Nikon Camera Body Advice

Discussion in 'Nikon' started by nathan_whitworth, Jun 9, 2011.

  1. Good Morning!

    I am a photography enthusiast looking to make the switch from Olympus to Nikon. Through my Nikon research I have become stumped on a question that keeps eating at me... Is it better to purchase one of Nikon's current consumer DSLR (like the D3000 or D5000) or is it better to grab what looks like a higher end discontinued model (like the D80 or D200)?
    Camera frills like the rotating LCD screen doesn't interest me as much as the ability to take quality photographs... and I do like the ability to use older lens with the D80, but without any Nikon gear yet I am not sure if that's really important or not.
    Any advice from photographers with experience on these cameras is very appreciated!!!
     
  2. In the world of digital photography, the D200 and D80 are ancient technology. Their life cycles are so long past I would personally not consider them as options for a purchase today--and mind you, I have a D80 and once loved it. The ISO performance on the old models cannot compare to the newer ones, and many features and performance are improved on the newer models and the sensors are uniformly better. Simply put: buy the current camera body that meets your needs/budget.
     
  3. Nathan,
    There are trade-offs on either end of the decision:
    - The D3100 and D5100 have much improved sensors and newer intellegence on board; as a result, their high ISO images are noticeable better, their resolution is higher. This is certainly the advantage of the latest cameras.
    - The D3100 and 5100 are fairly small, light and do not have as many external controls as the higher end bodies tend to have. Whether that's an advantage or disadavantage is only up to you: it's a question of handling, feel, grip in your hands. A personal preference.
    - The D80 and D200 can drive the autofocus of AF, AF-D and AF-S lenses, the D3100 and D5100 only AF-S. This is an advantage to the D80 and D200, IF you have these older lenses or are looking to use them. Most normal lenses are now available in some sort of AF-S version, and when you start from scratch getting new lenses, it does not matter too much, I think.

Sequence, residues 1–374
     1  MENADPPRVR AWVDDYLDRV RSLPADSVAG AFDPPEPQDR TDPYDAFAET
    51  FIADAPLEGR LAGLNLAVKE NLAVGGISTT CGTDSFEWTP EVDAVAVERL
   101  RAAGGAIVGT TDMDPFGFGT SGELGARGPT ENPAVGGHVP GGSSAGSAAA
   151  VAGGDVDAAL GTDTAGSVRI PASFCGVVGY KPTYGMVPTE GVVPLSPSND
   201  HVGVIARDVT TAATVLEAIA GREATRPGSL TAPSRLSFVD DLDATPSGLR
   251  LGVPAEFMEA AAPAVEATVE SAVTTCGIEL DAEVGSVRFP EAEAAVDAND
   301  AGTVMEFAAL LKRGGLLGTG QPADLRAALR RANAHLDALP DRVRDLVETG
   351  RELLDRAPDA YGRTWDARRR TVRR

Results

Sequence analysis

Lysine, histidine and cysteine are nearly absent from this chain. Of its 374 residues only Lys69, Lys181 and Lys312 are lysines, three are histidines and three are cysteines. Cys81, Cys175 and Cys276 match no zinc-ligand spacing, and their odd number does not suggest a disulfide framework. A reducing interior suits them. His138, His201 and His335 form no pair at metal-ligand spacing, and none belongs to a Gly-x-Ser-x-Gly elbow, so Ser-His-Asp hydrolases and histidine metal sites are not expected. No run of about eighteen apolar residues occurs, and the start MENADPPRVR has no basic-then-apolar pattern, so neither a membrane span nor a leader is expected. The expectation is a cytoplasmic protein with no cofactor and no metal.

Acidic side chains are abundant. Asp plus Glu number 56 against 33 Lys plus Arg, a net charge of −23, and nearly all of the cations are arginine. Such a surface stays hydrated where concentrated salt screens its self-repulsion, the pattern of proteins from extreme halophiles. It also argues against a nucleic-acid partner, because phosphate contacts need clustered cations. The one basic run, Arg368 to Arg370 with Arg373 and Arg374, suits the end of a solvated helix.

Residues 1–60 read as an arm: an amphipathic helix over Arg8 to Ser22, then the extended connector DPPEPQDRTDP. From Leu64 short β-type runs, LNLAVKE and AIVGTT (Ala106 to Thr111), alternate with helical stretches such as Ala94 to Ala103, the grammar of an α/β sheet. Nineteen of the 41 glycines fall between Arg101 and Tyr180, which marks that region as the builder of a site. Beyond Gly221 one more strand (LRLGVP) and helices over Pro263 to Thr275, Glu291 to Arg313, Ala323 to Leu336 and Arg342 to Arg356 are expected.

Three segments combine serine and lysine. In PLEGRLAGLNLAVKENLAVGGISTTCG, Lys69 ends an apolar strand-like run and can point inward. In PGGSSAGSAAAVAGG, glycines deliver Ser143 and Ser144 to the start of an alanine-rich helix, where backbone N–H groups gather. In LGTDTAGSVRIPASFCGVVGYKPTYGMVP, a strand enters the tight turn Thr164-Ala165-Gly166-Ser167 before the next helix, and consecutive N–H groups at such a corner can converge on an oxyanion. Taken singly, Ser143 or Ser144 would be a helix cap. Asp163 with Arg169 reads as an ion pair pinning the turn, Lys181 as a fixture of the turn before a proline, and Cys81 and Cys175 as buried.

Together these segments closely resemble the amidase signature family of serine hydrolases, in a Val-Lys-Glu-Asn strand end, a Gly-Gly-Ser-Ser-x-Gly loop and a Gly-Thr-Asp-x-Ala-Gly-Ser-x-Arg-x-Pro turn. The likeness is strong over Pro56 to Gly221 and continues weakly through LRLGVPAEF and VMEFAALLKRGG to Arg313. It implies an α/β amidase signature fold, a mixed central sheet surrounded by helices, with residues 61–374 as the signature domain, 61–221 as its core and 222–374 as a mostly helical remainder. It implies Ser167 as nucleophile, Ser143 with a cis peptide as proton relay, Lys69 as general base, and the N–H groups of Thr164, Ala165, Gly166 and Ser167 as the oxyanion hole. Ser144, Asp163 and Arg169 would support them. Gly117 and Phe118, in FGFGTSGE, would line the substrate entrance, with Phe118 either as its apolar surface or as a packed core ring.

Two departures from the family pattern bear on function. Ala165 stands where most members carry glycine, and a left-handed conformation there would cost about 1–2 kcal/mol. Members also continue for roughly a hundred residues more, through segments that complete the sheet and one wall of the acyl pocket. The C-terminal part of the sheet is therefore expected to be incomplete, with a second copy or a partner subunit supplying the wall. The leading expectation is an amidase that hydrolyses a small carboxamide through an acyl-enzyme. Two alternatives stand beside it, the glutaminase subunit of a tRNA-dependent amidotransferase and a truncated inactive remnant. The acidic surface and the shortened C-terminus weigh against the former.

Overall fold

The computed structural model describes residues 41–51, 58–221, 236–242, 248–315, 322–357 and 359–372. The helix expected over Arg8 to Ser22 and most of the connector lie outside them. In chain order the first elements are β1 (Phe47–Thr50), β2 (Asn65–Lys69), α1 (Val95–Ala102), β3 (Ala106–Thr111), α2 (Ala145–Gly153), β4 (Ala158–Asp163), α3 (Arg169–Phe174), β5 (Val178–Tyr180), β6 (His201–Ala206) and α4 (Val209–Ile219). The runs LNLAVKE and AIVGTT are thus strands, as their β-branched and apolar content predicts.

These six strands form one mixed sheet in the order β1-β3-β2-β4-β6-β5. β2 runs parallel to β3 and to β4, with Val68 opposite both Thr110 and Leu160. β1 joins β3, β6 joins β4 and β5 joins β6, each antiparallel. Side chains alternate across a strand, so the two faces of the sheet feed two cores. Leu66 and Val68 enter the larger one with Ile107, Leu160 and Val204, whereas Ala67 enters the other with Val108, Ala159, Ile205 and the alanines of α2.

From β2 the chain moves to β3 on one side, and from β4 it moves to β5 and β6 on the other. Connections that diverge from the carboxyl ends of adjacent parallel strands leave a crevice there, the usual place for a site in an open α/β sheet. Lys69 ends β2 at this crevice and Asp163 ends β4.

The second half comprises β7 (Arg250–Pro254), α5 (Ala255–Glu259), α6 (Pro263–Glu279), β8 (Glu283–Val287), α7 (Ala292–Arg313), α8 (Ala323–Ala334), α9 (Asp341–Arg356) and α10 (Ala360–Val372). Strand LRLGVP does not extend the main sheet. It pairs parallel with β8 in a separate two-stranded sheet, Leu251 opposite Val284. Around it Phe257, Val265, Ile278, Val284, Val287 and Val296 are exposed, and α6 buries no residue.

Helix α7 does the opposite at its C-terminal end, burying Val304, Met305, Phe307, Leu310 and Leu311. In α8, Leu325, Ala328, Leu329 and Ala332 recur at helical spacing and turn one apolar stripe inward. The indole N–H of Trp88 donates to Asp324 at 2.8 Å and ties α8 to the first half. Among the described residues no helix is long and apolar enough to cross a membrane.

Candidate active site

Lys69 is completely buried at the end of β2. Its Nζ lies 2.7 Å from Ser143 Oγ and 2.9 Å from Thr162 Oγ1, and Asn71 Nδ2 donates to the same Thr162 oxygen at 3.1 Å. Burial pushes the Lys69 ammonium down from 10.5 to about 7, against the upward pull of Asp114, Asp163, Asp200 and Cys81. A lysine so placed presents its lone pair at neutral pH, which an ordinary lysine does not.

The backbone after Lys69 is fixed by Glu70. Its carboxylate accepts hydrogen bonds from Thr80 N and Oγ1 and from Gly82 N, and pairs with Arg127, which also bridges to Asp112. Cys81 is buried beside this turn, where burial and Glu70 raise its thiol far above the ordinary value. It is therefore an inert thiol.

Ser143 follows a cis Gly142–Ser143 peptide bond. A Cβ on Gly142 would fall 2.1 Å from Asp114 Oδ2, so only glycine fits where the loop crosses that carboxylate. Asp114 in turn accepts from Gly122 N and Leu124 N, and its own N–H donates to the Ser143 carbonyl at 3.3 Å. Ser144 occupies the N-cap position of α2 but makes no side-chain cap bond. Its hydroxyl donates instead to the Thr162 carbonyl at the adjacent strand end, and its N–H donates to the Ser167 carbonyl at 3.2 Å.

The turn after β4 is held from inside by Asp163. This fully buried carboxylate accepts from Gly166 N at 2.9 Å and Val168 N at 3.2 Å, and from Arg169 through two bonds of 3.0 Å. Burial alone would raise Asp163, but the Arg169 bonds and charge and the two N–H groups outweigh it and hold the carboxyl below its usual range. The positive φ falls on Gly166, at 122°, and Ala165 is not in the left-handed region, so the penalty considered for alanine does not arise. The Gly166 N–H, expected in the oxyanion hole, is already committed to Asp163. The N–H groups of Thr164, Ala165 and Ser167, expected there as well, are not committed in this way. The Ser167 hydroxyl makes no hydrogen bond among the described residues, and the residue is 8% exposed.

- The D200 can also meter with even older manual focus (Ai/Ai-S) lenses. Again, only interesting IF you intend to use those. There are gems in between those that go for little money these days, but many will find the lack of AF a dealbreaker.
    - The D80 and D200 have more extensive options with Nikon flash (though not sure about the D5100, with regards to CLS support).
    So, it really boils down to what is important to you. If you're likely to get some of the more "standard" zoomlenses to start with, the lack of the AF motor in the D3100 or D5100 does not need to be that big, and then the D5100 sure is a more tempting camera since it has the best sensor of them all. If you prefer bigger, sturdier bodies, then a D200 makes a lot of sense. And so on.
     
  4. The biggest things the more recent models will have will be high-ISO improvements and possibly HD Video and Live View.
    At lower ISO (<= 800, 1600 usable if image isn't underexposed) the older models are still very serviceable and in exchange you get other niceties like pentaprism viewfinder, better handling with dual e-dials & a size that fills adult hands, compatibility with screwdrive AF lenses (AF, AF-D, etc.). Don't doubt that older models still take great photos--I still see plenty of nice images coming out of D70's, etc.-- but with these the 6mp output may be an obstacle for certain more professional applications like stock agencies.
    Another factor of course is your appetite for owning a DSLR without a warranty for a body in unknown condition--the older body will likely have some miles on it, and you won't really know how well it had been treated. A repair in the first year will probably wipe out any money you saved by buying used.
    The good news is if you buy used, you could use it for a few months and possibly resell for not much less than you paid if you decided you wanted something else. A new purchase will depreciate further in that period.